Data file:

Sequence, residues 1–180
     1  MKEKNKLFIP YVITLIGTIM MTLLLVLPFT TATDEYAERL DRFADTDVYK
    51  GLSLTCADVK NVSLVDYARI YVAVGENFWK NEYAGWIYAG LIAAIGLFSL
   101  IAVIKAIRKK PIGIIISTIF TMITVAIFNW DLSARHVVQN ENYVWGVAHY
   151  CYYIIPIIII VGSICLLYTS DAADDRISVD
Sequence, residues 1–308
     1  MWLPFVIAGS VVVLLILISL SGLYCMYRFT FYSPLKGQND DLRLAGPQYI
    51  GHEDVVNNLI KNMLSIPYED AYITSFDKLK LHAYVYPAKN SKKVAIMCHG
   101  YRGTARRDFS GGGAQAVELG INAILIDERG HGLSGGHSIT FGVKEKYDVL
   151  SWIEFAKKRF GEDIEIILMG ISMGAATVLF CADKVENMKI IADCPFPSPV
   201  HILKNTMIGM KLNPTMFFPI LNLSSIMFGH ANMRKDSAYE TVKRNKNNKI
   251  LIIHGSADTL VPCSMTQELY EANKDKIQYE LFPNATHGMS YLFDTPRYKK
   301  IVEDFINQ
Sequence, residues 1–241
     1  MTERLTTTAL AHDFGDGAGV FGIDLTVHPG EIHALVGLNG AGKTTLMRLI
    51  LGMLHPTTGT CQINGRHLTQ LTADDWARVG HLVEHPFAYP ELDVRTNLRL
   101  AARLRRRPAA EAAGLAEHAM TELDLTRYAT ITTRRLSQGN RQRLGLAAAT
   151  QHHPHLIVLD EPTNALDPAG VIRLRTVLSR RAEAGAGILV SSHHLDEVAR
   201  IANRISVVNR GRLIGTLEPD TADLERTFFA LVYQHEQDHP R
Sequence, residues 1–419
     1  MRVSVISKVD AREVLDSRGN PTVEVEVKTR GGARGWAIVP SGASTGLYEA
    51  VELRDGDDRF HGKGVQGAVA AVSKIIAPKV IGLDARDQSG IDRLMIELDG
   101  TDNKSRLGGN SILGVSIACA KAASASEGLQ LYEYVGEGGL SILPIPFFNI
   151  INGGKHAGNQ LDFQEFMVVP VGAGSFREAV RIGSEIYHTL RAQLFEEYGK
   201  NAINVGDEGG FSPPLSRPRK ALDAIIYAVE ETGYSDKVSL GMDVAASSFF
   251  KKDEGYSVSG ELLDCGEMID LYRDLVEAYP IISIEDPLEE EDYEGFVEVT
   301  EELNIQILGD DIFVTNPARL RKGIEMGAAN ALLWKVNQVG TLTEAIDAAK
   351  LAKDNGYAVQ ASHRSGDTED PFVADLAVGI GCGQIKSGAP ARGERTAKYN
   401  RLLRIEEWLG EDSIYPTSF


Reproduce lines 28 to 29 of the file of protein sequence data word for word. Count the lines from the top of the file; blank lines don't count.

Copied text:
   351  LAKDNGYAVQ ASHRSGDTED PFVADLAVGI GCGQIKSGAP ARGERTAKYN
   401  RLLRIEEWLG EDSIYPTSF